Posted on July 16, 2014

Calls for the middle-aged to get dementia advice from GPs

NICE has issued recommendations that GPs should be giving advice to middle-aged patients on how to prevent dementia and disability. The draft public health guidance states that GPs should be encouraging patients to stop smoking, reduce alcohol consumption and eat healthily, with the aim being to delay or prevent dementia, frailty and disabilities later in life. It says that this advice should be part of the NHS Health Checks programme and recommends that the advice given is tailored for different age groups. The draft document also calls upon the government to do more to raise awareness of the condition. Poor sleep, for example, is a potential risk factor for both disability and dementia; therefore, people should be encouraged to consult their GP about this. Poor-quality sleep has been linked to cognitive decline and a reduction in quality of life. The document also calls on the government to take a tougher stance on issues such as taxation on tobacco products and smoke-free policies. It also calls for more restrictions on the licensing of alcohol and action to be taken on the amount of fat and salt in food. The director of the centre for public health at NICE, Professor Mike Kelly, stated that the new draft guideline has been aimed at helping to prevent or delay dementia and other conditions by making changes to lifestyle mid-life. This may help to reduce the dependency upon domiciliary home care and dementia care services later on.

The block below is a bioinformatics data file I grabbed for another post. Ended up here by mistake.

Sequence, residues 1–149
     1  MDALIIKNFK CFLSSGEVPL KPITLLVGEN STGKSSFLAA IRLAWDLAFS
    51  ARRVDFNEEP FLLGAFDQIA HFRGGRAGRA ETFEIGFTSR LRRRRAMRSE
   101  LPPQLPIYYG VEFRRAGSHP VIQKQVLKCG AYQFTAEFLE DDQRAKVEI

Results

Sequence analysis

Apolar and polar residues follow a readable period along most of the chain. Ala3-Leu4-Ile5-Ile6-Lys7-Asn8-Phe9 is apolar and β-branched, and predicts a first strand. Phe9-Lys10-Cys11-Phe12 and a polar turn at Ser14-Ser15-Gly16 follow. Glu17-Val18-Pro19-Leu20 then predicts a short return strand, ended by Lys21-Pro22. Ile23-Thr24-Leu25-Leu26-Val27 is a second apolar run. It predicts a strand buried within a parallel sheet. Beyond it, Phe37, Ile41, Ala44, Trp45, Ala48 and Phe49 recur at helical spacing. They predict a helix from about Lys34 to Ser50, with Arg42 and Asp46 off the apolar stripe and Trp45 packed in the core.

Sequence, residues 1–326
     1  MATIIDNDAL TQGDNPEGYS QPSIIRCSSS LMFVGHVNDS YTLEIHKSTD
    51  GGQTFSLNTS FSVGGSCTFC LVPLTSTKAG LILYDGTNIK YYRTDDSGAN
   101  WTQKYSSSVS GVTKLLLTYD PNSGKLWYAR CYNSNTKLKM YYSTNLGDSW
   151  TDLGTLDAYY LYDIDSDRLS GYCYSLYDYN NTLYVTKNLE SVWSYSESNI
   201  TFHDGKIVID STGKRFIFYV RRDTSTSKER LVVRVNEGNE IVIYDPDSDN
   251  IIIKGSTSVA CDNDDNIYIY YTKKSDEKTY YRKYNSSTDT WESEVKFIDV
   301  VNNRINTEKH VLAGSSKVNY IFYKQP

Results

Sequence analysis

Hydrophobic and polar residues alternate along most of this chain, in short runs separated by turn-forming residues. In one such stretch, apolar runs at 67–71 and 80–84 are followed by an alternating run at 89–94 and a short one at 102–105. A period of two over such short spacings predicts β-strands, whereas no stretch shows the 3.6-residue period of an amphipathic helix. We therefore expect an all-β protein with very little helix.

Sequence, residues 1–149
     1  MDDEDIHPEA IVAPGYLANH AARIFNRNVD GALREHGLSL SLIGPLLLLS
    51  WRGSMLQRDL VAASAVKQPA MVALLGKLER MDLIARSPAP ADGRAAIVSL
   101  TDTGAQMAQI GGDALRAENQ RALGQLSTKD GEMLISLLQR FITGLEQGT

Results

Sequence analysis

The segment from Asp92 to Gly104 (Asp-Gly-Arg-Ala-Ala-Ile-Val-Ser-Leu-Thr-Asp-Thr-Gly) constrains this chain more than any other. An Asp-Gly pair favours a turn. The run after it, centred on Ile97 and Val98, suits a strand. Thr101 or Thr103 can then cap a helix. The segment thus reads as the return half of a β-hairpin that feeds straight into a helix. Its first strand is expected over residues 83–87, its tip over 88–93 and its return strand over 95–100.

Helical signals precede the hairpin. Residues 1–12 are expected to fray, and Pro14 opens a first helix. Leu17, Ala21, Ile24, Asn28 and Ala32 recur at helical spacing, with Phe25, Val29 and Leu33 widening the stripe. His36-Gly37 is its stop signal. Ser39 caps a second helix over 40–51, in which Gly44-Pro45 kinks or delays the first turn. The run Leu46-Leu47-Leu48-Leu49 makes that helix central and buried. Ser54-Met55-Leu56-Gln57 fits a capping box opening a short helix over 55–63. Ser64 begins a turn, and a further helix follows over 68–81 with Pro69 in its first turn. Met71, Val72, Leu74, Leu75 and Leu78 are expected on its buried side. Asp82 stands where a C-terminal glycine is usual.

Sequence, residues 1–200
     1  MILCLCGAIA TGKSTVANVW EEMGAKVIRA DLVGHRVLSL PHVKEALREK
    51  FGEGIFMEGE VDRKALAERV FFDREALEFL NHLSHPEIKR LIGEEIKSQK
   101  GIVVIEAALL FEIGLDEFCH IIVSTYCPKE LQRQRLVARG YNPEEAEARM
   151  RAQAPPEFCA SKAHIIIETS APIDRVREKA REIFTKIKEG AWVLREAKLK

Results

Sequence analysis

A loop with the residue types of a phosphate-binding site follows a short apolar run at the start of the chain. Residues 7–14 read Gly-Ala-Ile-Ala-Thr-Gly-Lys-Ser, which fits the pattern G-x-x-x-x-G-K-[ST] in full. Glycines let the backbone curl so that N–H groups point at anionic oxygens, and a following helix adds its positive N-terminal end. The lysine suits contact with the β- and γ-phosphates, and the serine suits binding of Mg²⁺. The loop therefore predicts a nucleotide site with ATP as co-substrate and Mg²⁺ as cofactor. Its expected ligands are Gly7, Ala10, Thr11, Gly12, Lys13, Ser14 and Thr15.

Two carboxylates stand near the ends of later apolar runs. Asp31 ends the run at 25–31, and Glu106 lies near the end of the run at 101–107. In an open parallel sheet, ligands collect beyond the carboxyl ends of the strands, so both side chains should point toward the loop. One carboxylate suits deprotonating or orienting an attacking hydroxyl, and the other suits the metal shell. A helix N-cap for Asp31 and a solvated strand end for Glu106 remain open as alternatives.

National Framework Supplier